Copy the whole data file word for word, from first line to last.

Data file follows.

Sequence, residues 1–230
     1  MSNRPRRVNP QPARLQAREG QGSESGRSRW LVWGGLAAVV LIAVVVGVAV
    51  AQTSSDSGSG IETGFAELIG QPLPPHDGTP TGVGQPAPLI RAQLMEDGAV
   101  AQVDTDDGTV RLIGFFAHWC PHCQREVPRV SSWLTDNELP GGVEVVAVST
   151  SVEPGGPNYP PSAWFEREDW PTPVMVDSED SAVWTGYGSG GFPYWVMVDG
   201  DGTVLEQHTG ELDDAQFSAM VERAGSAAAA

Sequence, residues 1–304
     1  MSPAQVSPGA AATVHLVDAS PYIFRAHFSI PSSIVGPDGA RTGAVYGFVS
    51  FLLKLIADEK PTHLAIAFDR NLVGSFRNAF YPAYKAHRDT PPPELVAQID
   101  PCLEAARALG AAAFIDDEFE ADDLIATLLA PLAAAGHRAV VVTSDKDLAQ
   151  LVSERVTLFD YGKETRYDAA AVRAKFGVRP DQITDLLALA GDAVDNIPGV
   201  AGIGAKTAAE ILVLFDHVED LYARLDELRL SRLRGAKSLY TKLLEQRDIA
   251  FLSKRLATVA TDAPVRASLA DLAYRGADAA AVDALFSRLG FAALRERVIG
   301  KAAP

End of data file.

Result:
Sequence, residues 1–230
     1  MSNRPRRVNP QPARLQAREG QGSESGRSRW LVWGGLAAVV LIAVVVGVAV
    51  AQTSSDSGSG IETGFAELIG QPLPPHDGTP TGVGQPAPLI RAQLMEDGAV
   101  AQVDTDDGTV RLIGFFAHWC PHCQREVPRV SSWLTDNELP GGVEVVAVST
   151  SVEPGGPNYP PSAWFEREDW PTPVMVDSED SAVWTGYGSG GFPYWVMVDG
   201  DGTVLEQHTG ELDDAQFSAM VERAGSAAAA

Sequence, residues 1–304
     1  MSPAQVSPGA AATVHLVDAS PYIFRAHFSI PSSIVGPDGA RTGAVYGFVS
    51  FLLKLIADEK PTHLAIAFDR NLVGSFRNAF YPAYKAHRDT PPPELVAQID
   101  PCLEAARALG AAAFIDDEFE ADDLIATLLA PLAAAGHRAV VVTSDKDLAQ
   151  LVSERVTLFD YGKETRYDAA AVRAKFGVRP DQITDLLALA GDAVDNIPGV
   201  AGIGAKTAAE ILVLFDHVED LYARLDELRL SRLRGAKSLY TKLLEQRDIA
   251  FLSKRLATVA TDAPVRASLA DLAYRGADAA AVDALFSRLG FAALRERVIG
   301  KAAP